McCormack Speaks

December 26, 2017
by McCormack Speaks

Conflict Resolution Professor Publishes Book on Youth Encounter Programs in Israel

sketch of a peace doveRoss conducted more than 100 interviews with former participants and program staff and spent more than 200 hours observing their programming in order to understand the structure and pedagogical approaches of each organization. She also analyzed the impact of the youth meetings in terms of the depth of changes in their belief systems and their continued social change engagement.“Looking at impact in terms of continued engagement in significant in two ways,” writes Ross. “First, it shifts the discussion from an internal focus to one emphasizing externally oriented initiatives. Moreover, looking at impact in terms of social change engagement enables us to see how programs that aim to transform individuals can link to societal-level shifts.”Decades after the Oslo Accords, alienation and distrust has grown between Jews and Palestinians in Israel, and grassroots groups struggle to find funding to continue their important work to shape participants’ national identity, vision of social change, and motivation to continue to work toward the transformation of Israeli society.

Yet Karen Ross’ investigation and findings on how individual transformation can lead to larger-scale societal change provide not only new insights to conflict resolution methodology and practice but also bring renewed hope for the possibility of Jewish-Palestinian partnership. Continue reading.


December 22, 2017
by McCormack Speaks

Mandela’s Chosen Successor: Ramaphosa’s Long Wait to Reignite South Africa’s Promise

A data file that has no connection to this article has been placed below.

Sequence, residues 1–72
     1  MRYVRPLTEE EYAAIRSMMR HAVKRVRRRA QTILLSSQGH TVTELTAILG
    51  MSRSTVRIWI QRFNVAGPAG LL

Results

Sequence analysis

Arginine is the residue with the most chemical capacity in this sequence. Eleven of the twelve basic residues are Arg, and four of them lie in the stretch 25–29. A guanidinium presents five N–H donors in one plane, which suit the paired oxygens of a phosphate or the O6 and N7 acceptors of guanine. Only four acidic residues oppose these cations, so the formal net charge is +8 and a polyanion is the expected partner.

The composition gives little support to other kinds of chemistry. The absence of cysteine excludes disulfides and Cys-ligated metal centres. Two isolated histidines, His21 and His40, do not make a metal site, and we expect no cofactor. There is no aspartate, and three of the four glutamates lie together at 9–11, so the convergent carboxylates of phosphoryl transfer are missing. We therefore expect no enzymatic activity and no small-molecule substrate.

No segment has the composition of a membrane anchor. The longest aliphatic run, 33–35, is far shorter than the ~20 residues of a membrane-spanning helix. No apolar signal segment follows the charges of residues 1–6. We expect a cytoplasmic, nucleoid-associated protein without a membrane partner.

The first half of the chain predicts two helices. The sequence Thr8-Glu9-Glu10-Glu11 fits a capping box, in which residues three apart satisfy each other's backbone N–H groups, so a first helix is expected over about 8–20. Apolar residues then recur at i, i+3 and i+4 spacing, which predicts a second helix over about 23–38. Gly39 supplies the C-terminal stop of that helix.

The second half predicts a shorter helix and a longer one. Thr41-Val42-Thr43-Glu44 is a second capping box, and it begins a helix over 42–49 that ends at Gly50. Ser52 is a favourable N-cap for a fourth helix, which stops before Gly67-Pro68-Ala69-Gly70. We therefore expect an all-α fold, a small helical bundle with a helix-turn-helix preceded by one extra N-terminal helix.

by Padraig O’Malley, Moakley Chair of Peace and Reconciliation

Meyer, O'Malley and Ramaphosa (1993)

Roelf Meyer, Padraig O’Malley, and Cyril Ramaphosa, 1993

I met Cyril Ramaphosa on my first visit to South Africa in 1985. Ramaphosa was secretary general of the powerful National Union of Mineworkers (NUM), fresh off leading the largest strike in South African history. I met him again in 1990 after I began to document the South African transition from apartheid to democracy, and interviewed him on several occasions.

In 1993, the University of Massachusetts Boston, where I hold the John Joseph Moakley Chair of Peace and Reconciliation at the university’s John W. McCormack Graduate School of Policy and Global Studies, awarded Ramaphosa and Roelf Meyer, both of whom were the lead negotiators on the African National Congress (ANC) and National Party sides in the talks to end apartheid, honorary doctorates at its commencement ceremonies.

In 1997, at my behest, Ramaphosa and Meyer went to Belfast to meet with all the key negotiators in the Northern Ireland peace process. As a result, President Nelson Mandela hosted the Great Indaba (The Great “Gathering”) at Arniston, a secure military base in the Western Cape Province that same year. Negotiators from all parties in Northern Ireland and the principal negotiators from the multiparty talks in South Africa that ended apartheid participated. Martin McGuinness, Sinn Fein’s lead negotiator, called it a “turning point.” A year later, the Belfast/Good Friday Agreement was signed. Subsequently, Cyril Ramaphosa was appointed one of the two interim decommissioning commissioners and I advised him on things Northern Irish. Continue Reading →